Secondly, the Court found that adequate provision had not been made for the grandchild’s ‘proper maintenance, education, or proper advancement in life’, providing further incentive to approve his Claim.
The grandson was in a financially difficult spot at the time of his grandmother’s passing – he had a savings account of $3,000.00, a credit card debt of $5,000.00, ongoing mortgage repayments on his investment property totaling up to $187,000.00 which could not be covered by the rent received, and a dependence on Centrelink payments. He had also requested the co-investor to sell the investment property in the near future so that he could have the funds to take care of his young daughter and to arrange alternative accommodation.
Ultimately, the Court found that the stepson could contest his grandfather’s estate.
Can stepchildren contest deceased estates?
As the case of Harris reveals, a stepchild is unlikely to be successful when it can be shown that they were self-sufficient, and that a grant of the estate would not be for the ‘proper maintenance, education or advancement in life’. However, as demonstrated through Warton, where it is clear that the Testator intended for a stepchild to inherit the estate, the chances of success are high.
Case Study 1: Harris v Harris  NSWCA 334
Mr Hubert Estes Harris (“the Testator”) died in October 2015, leaving his estate to his widow (“the Respondent”). In October 2016, the Testator’s son (“the Appellant”) made a Family Provision Claim over the estate.
The primary judge was not convinced that an inadequate provision had been made by the Testator for his son’s proper maintenance, education and advancement in life under section 59 of the Succession Act 2006 (NSW), though a legacy of $15,000.00 was provided to allow the Appellant to discharge his loan obligations.
Court of Appeal
The Appellant brought a claim to the Supreme Court, claiming that the primary judge had erred in holding that a provision should have been made under section 59 in his favour. This was argued on two grounds:
- The Appellant was suffering from mental health problems, which might have been the result of an earlier drug addiction, and now relied on disability support pension. He was, at the time of trial, 43 years old and could not find regular gainful employment; and
- The Appellant’s stepmother was comfortably provided for in her old age, and the provision would not substantially diminish her welfare or quality of life.
However, Justice Basten of the Appeal Court disagreed, arguing that the section 59 provision was still not satisfied.
On the first ground, the Court said that the Appellant had remained financially independent since the age of 18, and that there had been no material changes to his circumstances since the deceased’s Will was formed in 2013, or since the deceased has passed away in 2015.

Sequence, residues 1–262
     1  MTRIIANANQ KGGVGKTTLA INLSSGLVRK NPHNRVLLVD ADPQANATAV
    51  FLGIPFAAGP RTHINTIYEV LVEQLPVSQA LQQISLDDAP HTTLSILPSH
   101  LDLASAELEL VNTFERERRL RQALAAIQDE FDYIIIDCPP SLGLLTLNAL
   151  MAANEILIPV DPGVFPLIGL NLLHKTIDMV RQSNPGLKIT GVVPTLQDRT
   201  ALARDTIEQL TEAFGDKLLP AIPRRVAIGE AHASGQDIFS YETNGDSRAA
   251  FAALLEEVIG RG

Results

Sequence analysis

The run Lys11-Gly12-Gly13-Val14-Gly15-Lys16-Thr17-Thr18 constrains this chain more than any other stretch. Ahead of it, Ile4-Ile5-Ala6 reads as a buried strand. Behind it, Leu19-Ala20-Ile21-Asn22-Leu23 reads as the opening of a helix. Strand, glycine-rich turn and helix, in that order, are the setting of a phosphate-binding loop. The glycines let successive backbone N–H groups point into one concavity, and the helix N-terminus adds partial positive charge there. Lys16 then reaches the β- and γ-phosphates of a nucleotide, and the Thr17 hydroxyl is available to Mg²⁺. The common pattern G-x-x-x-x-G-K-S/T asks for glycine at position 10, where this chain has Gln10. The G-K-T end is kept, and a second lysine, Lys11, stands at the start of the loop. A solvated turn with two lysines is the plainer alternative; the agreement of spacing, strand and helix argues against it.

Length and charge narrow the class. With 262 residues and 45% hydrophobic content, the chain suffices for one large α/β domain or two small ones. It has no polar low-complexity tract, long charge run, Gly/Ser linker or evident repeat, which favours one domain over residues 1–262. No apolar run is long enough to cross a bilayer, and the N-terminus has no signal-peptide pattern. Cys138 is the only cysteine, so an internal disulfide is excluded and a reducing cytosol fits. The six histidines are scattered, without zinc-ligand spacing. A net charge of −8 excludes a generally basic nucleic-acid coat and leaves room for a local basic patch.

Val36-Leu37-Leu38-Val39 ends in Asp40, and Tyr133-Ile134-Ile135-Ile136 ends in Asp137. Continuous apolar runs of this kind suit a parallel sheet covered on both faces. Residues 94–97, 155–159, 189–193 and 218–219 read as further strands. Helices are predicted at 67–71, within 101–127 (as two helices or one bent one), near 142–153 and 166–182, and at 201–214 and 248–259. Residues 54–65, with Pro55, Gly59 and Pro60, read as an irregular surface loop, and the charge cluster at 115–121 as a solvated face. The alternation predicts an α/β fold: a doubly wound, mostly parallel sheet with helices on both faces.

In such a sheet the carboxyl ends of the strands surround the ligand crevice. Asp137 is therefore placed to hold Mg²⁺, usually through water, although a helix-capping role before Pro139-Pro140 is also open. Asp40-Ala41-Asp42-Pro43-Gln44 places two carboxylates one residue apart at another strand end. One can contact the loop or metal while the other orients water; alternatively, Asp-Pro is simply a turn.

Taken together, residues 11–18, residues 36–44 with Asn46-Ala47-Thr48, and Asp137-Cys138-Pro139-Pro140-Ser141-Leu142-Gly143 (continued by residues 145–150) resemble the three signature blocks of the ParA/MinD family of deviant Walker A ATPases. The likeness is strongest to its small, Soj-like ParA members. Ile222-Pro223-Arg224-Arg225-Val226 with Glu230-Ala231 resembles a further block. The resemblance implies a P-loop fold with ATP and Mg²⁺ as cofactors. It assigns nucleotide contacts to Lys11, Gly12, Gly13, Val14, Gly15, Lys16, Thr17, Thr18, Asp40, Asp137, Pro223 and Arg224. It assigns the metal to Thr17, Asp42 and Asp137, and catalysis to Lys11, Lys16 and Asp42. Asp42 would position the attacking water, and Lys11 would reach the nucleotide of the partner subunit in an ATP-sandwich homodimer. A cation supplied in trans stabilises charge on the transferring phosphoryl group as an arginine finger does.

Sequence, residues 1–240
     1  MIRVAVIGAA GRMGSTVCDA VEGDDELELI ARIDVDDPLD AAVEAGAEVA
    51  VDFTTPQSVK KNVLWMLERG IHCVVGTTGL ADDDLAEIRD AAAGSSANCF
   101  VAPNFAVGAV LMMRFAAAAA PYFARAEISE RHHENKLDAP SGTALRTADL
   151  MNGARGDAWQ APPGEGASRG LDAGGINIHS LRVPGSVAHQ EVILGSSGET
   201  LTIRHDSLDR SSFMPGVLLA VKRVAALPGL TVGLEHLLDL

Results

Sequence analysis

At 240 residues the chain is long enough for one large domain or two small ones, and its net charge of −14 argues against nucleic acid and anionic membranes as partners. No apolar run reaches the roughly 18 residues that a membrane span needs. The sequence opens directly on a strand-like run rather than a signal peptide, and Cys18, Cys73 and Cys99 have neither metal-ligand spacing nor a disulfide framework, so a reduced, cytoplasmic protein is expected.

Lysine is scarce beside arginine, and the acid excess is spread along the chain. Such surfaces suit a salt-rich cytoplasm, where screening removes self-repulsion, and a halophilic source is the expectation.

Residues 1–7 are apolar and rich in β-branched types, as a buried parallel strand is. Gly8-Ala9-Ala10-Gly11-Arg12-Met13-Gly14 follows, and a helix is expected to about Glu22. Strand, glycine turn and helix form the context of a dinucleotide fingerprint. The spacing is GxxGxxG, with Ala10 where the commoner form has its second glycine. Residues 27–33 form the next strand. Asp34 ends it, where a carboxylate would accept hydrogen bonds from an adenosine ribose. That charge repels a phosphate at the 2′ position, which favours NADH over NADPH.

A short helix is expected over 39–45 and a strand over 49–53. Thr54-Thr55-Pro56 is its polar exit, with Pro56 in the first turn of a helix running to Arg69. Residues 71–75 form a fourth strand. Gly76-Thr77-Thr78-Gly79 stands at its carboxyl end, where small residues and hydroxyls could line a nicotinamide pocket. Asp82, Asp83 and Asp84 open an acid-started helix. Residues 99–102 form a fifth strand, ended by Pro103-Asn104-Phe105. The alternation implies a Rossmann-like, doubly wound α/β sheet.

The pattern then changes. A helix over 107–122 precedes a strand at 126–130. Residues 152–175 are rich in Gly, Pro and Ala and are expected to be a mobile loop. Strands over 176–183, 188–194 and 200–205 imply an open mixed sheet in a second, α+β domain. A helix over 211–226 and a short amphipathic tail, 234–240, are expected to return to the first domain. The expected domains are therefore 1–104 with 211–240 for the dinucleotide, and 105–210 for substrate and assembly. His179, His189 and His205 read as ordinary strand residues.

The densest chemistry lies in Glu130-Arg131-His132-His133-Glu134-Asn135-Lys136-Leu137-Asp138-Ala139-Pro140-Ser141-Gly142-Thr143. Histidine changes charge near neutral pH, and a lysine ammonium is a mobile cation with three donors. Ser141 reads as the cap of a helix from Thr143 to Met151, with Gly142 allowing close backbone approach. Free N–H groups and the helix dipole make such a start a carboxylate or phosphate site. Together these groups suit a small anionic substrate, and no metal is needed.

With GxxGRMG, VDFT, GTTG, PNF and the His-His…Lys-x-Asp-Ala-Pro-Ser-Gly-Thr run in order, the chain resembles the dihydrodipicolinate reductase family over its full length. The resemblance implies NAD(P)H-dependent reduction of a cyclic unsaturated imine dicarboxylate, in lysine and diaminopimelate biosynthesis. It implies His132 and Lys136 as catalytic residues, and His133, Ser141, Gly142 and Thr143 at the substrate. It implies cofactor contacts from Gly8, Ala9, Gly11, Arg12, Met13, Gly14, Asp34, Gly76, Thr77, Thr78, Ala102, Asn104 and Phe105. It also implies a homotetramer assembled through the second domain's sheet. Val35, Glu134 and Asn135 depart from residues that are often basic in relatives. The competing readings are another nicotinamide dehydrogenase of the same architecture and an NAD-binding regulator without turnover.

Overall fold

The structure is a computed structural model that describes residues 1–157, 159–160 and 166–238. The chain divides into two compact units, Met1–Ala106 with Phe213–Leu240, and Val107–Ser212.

On the second ground, the Court argued that the stepmother’s ability to live off her income would be significantly diminished if the Appellant’s request of $100,000.00 was to be approved. The Appellant had also not been cut from the family and was free to call his stepmother for financial assistance if he needed it.
Lastly, The Applicant also failed to attend a mandatory settlement conference, providing further weight to the stepmother’s case.
Hence, the Court dismissed the appeal and ordered that the Appellant pay the Respondent ’s costs.
Case Study 2: Warton v Yeo  NSWCA 115
The deceased was one of four children. He was never married and had no children. In his final Will, he listed under clause 6(b) that 25 percent of his residuary estate was to be left to his sister, Ailsa, with a gift in terms that
“if she should die before me, then to such one of her children shall survive me and if more than one in equal shares”.
The deceased had an interest in a retirement village unit that was still to be sold as an asset of the estate. Ailsa predeceased the deceased. The issue now before the Court was that Ailsa had one natural child and four stepchildren from her husband’s first marriage. The deceased’s Will had not clarified whether ‘children’ under clause 6(b) included stepchildren.
Two of Ailsa’s stepchildren (“the Appellants”), also representing the two remaining siblings, sought a Family Provision Claim over this particular Estate.
The primary judge held that Ailsa’s share of the property was only to pass onto her natural child. This was based off clause 5 of the deceased’s Will, which specifically mentioned that any children would be either his ‘niece’ or ‘step-niece’, or ‘nephew’ or ‘step-nephew’.
The judge also referred to the definition of ‘stepchild’ laid out in the Macquarie Dictionary and of s 40A of the Succession Act 1981 (Qld) (to which no equivalent provision existed in the NSW legislation), to find that a stepchild did not count as a ‘child’.
Supreme Court Decision
The Appellants brought the case to the Supreme Court, arguing that the use of the plural word ‘children’ in clauses 6(b) and 9(c) in the Will meant that it included the stepchildren, and that the deceased would have just mentioned the second Respondent rather than using the phrase ‘such one of her children’.
Justices Ward and Emmett allowed the appeal, stating that Wills are to be read as a whole and give rise to the intention of the Testator at the time of the Will’s formation. This is legislated for under section 32 of the Succession Act 2006 (NSW), which states that extrinsic evidence may be used to construe wills when it is either:
- Meaningless, or
- Ambiguous on the face of the will, or
- Ambiguous in the light of the surrounding circumstances.
Justice Basten also referred to the ‘armchair principle’ laid out in the British common law case of Allgood v Blake (873) LR 8 Ex 160, in which Justice Blackburn stated that:
“the Court is to put itself in the position of the Testator and consider all material facts and circumstances known to the Testator, with reference to how he is to be taken to have used the words in the will”.
Ultimately, the Court found that there was a strong indication that the use of the plural word meant that the deceased had intended to include his step-nephews and step-nieces in the residual gift. This was because:
- The deceased was aware that his sister had more than one child and reflected this through the phrase “her children”, and
- The phrase “her children” itself is predicated on the existence of more than one child.
Hence, the estate was partially distributed, with costs payable from the proceeds of sale of the deceased’s estate.